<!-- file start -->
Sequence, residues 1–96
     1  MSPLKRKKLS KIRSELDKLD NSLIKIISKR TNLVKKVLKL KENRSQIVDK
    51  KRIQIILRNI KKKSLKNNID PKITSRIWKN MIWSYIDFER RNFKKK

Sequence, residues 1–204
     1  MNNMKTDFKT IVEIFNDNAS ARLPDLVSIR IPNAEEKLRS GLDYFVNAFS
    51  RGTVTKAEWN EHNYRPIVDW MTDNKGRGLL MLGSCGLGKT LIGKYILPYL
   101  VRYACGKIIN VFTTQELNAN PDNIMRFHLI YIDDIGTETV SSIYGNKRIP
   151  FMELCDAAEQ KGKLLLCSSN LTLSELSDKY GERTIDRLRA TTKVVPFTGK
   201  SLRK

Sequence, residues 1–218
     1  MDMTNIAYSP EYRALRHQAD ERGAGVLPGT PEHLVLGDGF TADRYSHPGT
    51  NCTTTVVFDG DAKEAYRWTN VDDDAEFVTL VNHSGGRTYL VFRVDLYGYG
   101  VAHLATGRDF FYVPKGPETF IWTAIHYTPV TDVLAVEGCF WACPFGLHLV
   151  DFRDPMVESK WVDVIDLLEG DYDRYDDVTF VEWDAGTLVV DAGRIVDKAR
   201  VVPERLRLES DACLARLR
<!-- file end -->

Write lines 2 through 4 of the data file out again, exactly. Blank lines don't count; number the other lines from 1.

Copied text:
     1  MSPLKRKKLS KIRSELDKLD NSLIKIISKR TNLVKKVLKL KENRSQIVDK
    51  KRIQIILRNI KKKSLKNNID PKITSRIWKN MIWSYIDFER RNFKKK

Sequence, residues 1–204